As so often in fantasies, gods are real in the world of these books. I feel like sometimes writers don’t stop to really think about what that means, if gods are real, let alone if gods of many different cultures and religious traditions are real. Max has thought about it, and has built a world where actually a lot of the gods have died, but their power is still a real force in the world, though it’s wielded by banks and lawyers and basically is the world’s economy–money as magic. These books are smart and fun, and they wear their reliance on the real world as source material on their sleeve, which sometimes annoys me but here I enjoy, I suspect because it’s done very deliberately and not out of thoughtlessness. As a bonus, these books offer a lot of engaging women characters, particularly Full Fathom Five, which once I closed it I realized was basically all the major characters and quite a few non-major but important ones.

Anyway, I’ve really enjoyed reading these so far, and at some point (hopefully in the not too distant future) I have every intention of picking up Four Roads Cross.

A couple things I’ve read

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When I was a child, I had several Dream Jobs. I wanted to be an astronaut, of course, and I also considered careers in paleontology and archaeology. But high, very high on my list was “any job where people will pay me to read, or failing that, give me lots of free books.”

Reader, it turns out that I now have such a job. And in some ways it is exactly as awesome as I had dreamed. More awesome! And yet. Now that I get books sent to me for free on a regular basis (nothing like Scalzi gets, but still, it’s a couple a week in my email or in my PO box), I do not have time to read them all.

I do try to read them! Because, I mean. It’s just, it takes me a while, because I have so much other job-related reading to do.

Anyway. I get books. And I read them, if slowly. And sometimes I enjoy them quite a bit! Like for instance.

Borderline, by Mishell Baker. This is I think what the kids call urban fantasy. Which mostly isn’t my sort of thing–I’ve got nothing against it, but it usually doesn’t do a lot for me. I’m pretty sure I’m not its target audience. But I enjoyed Borderline quite a lot. And this is the part where I should say why I enjoyed it, but I am remarkably bad at doing that. I can talk about things that caught my eye–the protagonist has Borderline Personality Disorder, which is treated pretty matter-of-factly, without romanticizing or demonizing the character or her illness. The other characters were nicely drawn as well, I thought, and I enjoyed the Hollywood setting (though to be honest, Hollywood might as well be Faery itself as far as I’m concerned). If you enjoy urban fantasy, you should check this out. If you aren’t a UF reader, well, maybe check it out anyway, because it’s a lot of fun.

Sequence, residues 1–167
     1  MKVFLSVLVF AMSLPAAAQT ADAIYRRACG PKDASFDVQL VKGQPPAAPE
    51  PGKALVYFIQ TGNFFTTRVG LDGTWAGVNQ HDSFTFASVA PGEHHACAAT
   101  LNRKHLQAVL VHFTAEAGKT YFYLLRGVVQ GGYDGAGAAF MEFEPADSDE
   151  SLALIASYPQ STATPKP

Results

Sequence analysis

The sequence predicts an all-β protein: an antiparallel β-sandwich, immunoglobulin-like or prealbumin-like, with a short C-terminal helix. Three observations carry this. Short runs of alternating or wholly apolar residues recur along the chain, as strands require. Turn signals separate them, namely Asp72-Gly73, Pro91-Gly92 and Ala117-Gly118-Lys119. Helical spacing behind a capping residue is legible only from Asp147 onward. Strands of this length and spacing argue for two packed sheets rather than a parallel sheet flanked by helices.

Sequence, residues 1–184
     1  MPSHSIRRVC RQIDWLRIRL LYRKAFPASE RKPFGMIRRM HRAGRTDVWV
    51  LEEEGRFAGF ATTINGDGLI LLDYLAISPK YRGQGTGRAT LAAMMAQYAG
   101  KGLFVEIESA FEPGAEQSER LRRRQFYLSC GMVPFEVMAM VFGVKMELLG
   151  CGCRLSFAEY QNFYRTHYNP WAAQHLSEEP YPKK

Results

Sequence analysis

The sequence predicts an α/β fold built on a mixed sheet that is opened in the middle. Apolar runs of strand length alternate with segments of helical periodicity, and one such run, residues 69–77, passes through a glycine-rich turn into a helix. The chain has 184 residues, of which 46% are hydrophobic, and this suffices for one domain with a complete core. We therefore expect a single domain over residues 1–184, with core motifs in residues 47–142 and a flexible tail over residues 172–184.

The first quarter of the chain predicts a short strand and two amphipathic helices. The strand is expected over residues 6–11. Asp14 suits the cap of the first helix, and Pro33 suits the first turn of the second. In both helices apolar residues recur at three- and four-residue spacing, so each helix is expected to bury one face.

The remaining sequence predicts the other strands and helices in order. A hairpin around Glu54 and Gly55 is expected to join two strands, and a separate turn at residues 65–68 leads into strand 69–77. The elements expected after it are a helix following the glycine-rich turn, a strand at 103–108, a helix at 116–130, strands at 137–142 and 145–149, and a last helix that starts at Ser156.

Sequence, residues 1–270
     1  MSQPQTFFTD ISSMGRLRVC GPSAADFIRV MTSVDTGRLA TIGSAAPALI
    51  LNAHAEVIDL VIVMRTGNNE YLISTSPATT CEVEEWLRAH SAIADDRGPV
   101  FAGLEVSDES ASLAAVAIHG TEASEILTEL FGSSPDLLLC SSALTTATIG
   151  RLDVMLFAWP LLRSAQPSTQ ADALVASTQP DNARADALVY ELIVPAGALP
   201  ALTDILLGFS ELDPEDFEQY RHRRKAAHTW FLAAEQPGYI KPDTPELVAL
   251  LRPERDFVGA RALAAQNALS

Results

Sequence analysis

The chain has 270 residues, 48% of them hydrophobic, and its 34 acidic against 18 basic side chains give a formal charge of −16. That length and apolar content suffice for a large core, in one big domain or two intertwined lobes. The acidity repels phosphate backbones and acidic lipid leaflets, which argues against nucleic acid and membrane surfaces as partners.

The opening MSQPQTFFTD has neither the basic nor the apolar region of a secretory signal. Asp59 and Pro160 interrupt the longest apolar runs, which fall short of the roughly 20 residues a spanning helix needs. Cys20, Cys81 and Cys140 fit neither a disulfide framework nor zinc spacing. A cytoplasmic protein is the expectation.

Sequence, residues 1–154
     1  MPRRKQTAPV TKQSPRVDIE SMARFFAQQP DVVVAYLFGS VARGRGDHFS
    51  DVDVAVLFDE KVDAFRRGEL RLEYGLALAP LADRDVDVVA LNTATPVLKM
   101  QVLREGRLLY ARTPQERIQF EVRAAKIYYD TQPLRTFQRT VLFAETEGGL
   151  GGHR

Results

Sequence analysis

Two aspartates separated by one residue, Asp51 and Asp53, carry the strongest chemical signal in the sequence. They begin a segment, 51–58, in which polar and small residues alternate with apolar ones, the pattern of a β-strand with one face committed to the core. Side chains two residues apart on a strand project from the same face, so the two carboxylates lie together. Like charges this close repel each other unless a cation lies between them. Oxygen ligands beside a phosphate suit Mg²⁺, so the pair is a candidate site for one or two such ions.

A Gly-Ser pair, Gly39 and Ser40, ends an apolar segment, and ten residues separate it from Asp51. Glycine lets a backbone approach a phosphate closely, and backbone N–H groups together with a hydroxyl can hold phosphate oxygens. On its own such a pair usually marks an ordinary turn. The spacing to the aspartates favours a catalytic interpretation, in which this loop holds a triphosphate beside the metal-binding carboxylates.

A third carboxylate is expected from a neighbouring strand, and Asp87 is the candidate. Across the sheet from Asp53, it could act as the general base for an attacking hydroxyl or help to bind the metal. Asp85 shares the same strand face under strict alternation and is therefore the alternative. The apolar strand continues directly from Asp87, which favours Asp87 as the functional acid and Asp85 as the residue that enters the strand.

Ninefox Gambit by Yoon Ha Lee. If you’ve read any of Yoon’s short fiction, you know he’s fabulous. I confess myself partial to “The Winged City,” which I bought for GigaNotoSaurus several years ago. Now he’s got a novel coming out, and it’s (unsurprisingly) excellent. It’s out June 14, but I got an ARC and boy am I glad I did. Here’s a blurb I found at the Amazon listing:

“I love Yoon’s work! Ninefox Gambit is solidly and satisfyingly full of battles and political intrigue, in a beautifully built far-future that manages to be human and alien at the same time. It should be a treat for readers already familiar with Yoon’s excellent short fiction, and an extra treat for readers finding Yoon’s work for the first time.”

Every word of that is true. I know because I wrote that blurb myself.  Honestly, you should read this as soon as you can. And you should check out Yoon’s short fiction as well.